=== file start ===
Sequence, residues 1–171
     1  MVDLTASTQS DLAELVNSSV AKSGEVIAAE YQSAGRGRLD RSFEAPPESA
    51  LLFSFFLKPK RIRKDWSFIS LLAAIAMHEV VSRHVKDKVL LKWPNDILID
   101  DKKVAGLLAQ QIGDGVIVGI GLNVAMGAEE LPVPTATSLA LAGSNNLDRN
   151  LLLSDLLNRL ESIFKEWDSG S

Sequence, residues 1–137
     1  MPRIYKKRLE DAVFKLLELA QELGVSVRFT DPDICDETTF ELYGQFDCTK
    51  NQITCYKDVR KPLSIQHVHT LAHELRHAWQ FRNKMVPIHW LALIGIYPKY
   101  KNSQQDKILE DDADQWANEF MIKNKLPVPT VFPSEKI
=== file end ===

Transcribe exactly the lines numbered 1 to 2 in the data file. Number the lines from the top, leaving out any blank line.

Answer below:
Sequence, residues 1–171
     1  MVDLTASTQS DLAELVNSSV AKSGEVIAAE YQSAGRGRLD RSFEAPPESA